Companies are following government guidance and getting as many people as possible working from home. Some companies will have resisted home working in the past, but I’m certain that the sceptics will find that people can be productive with the right tools no matter where they are. A temporary solution will become permanent. But getting it right means managing risk. Access is king In a typical office with an on-premise data centre, the IT department has complete control over network access, internal networks, data, and applications. The remote worker, on the other hand, is mobile. He or she can work from anywhere using a VPN. Until just recently this will have been from somewhere like a local coffee shop, possibly using a wireless network to access the company network and essential applications. CV-19 means that huge numbers of people are getting access to the same desktop and files, and collaborative communication toolsBut as we know, CV-19 means that huge numbers of people are getting access to the same desktop and files, applications and collaborative communication tools that they do on a regular basis from the office or on the train. Indeed, the new generation of video conferencing technologies come very close to providing an “almost there” feeling. Hackers lie in wait Hackers are waiting for a wrong move amongst the panic, and they will look for ways to compromise critical servers. Less than a month ago, we emerged from a period of chaos. For months hackers had been exploiting a vulnerability in VPN products from Pulse Secure, Fortinet, Palo Alto Networks, and Citrix. Patches were provided by vendors, and either companies applied the patch or withdrew remote access. As a result, the problem of attacks died back.  But as companies race to get people working from home, they must ensure special care is taken to ensure the patches are done before switching VPNs on. That’s because remote desktop protocol (RDP) has been for the most part of 2019, and continues to be, the most important attack vector for ransomware. Managing a ransomware attack on top of everything else would certainly give you sleepless nights. As companies race to get people working from home, they must ensure special care is taken to ensure the patches are done before switching VPNs on Hackers are waiting for a wrong move amongst the panic, and they will look for ways to compromise critical serversExposing new services makes them also susceptible to denial of service attacks. Such attacks create large volumes of fake traffic to saturate the available capacity of the internet connection. They can also be used to attack the intricacies of the VPN protocol. A flow as little as 1Mbps can perturbate the VPN service and knock it offline. CIOs, therefore, need to acknowledge that introducing or extending home working broadens the attack surface. So now more than ever it’s vital to adapt risk models. You can’t roll out new services with an emphasis on access and usability and not consider security. You simply won’t survive otherwise. Social engineering Aside from securing VPNs, what else should CIO and CTOs be doing to ensure security? The first thing to do is to look at employee behaviour, starting with passwords. It’s highly recommended that strong password hygiene or some form of multi-factor authentication (MFA) is imposed. Best practice would be to get all employees to reset their passwords as they connect remotely and force them to choose a new password that complies with strong password complexity guidelines.  As we know, people have a habit of reusing their passwords for one or more online services – services that might have fallen victim to a breach. Hackers will happily It’s highly recommended that strong password hygiene or some form of multi-factor authentication (MFA) is imposedleverage these breaches because it is such easy and rich pickings. Secondly, the inherent fear of the virus makes for perfect conditions for hackers. Sadly, a lot of phishing campaigns are already luring people in with the promise of important or breaking information on COVID-19. In the UK alone, coronavirus scams cost victims over £800,000 in February 2020. A staggering number that can only go up. That’s why CIOs need to remind everyone in the company of the risks of clickbait and comment spamming - the most popular and obvious bot techniques for infiltrating a network. Notorious hacking attempts And as any security specialist will tell you, some people have no ethics and will exploit the horrendous repercussions of CV-19. In January we saw just how unscrupulous hackers are when they started leveraging public fear of the virus to spread the notorious Emotet malware. Emotet, first detected in 2014, is a banking trojan that primarily spreads through ‘malspam’ and attempts to sneak into computers to steal sensitive and private information. In addition, in early February the Maze ransomware crippled more than 230 workstations of the New Jersey Medical Diagnostics Lab and when they refused to pay, the vicious attackers leaked 9.5GB or research data in an attempt to force negotiations. And in March, an elite hacking group tried to breach the World Health Organization (WHO). It was just one of the many attempts on WHO and healthcare organisations in general since the pandemic broke. We’ll see lots more opportunist attacks like this in the coming months.   More speed less haste In March, an elite hacking group tried to breach the World Health Organization (WHO). It was just one of the many attempts on WHOFinally, we also have bots to contend with. We’ve yet to see reports of fake news content generated by machines, but we know there’s a high probability it will happen. Spambots are already creating pharmaceutical spam campaigns thriving on the buying behaviour of people in times of fear from infection. Using comment spamming – where comments are tactically placed in the comments following an update or news story - the bots take advantage of the popularity of the Google search term ‘Coronavirus’ to increase the visibility and ranking of sites and products in search results. There is clearly much for CIOs to think about, but it is possible to secure a network by applying some well thought through tactics. I believe it comes down to having a ‘more speed, less haste’ approach to rolling out, scaling up and integrating technologies for home working, but above all, it should be mixed with an employee education programme. As in reality, great technology and a coherent security strategy will never work if it is undermined by the poor practices of employees.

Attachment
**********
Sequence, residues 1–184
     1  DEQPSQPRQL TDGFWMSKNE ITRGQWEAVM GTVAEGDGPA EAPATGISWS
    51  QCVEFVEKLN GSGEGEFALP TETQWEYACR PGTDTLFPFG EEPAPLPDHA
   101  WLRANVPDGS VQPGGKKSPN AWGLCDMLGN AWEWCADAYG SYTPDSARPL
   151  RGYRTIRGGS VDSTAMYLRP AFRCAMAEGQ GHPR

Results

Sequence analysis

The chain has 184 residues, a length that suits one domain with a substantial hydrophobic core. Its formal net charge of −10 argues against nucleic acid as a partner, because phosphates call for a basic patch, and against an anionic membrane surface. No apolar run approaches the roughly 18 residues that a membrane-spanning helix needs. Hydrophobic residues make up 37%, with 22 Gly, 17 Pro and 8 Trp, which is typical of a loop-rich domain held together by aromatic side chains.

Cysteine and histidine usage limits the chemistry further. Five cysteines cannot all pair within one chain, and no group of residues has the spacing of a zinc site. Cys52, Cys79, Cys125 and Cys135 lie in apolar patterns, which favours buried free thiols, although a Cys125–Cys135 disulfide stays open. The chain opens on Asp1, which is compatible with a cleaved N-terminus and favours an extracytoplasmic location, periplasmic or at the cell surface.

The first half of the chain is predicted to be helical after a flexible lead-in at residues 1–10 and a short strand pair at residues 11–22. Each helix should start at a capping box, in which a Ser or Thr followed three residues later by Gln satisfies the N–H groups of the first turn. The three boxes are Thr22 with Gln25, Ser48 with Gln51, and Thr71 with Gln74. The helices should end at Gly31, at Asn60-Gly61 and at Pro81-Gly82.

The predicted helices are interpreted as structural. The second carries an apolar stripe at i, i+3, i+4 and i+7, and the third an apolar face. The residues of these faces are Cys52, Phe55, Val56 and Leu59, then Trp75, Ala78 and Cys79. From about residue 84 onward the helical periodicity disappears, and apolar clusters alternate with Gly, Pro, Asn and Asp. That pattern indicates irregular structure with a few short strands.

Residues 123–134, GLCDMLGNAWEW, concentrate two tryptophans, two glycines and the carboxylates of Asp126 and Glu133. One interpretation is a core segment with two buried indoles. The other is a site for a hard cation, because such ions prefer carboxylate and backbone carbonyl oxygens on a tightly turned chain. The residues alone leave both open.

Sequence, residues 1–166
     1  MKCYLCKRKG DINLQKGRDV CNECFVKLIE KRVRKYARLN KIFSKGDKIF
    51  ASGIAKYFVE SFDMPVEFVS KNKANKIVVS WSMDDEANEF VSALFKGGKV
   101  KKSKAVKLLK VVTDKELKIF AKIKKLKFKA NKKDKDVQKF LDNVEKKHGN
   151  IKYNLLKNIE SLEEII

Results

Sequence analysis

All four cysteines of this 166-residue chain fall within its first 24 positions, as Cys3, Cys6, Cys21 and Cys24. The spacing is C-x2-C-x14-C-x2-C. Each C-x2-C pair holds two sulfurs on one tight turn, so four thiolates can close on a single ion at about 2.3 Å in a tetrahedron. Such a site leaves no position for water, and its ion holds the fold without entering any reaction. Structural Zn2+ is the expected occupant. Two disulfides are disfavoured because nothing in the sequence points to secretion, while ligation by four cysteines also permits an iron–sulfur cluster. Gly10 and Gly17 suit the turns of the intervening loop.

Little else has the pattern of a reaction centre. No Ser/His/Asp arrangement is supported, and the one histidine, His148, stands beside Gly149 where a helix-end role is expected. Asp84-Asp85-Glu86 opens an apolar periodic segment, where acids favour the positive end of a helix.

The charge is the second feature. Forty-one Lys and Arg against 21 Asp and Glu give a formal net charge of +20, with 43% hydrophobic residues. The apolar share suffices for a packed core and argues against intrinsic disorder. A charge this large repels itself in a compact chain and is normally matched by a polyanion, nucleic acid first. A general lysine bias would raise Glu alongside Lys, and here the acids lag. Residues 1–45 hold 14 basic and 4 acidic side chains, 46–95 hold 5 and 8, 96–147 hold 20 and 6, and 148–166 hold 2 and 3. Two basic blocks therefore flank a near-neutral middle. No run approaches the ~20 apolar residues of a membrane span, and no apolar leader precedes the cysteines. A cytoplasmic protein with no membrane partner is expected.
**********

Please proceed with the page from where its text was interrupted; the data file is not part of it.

How does audio enhance security system performance?
How does audio enhance security system performance?

Video is widely embraced as an essential element of physical security systems. However, surveillance footage is often recorded without sound, even though many cameras are capable of capturing audio as well as video. Beyond the capabilities of cameras, there is a range of other audio products on the market that can improve system performance and/or expand capabilities (e.g., gunshot detection.) We asked this week’s Expert Panel Roundtable: How does audio enhance the performance of security and/or video systems? 

How have standards changed the security market?
How have standards changed the security market?

A standard is a document that establishes uniform engineering or technical criteria, methods, processes, and/or practices. Standards surround every aspect of our business. For example, the physical security marketplace is impacted by industry standards, national and international standards, quality standards, building codes and even environmental standards, to name just a few. We asked this week’s Expert Panel Roundtable: How have standards changed the security market as we know it?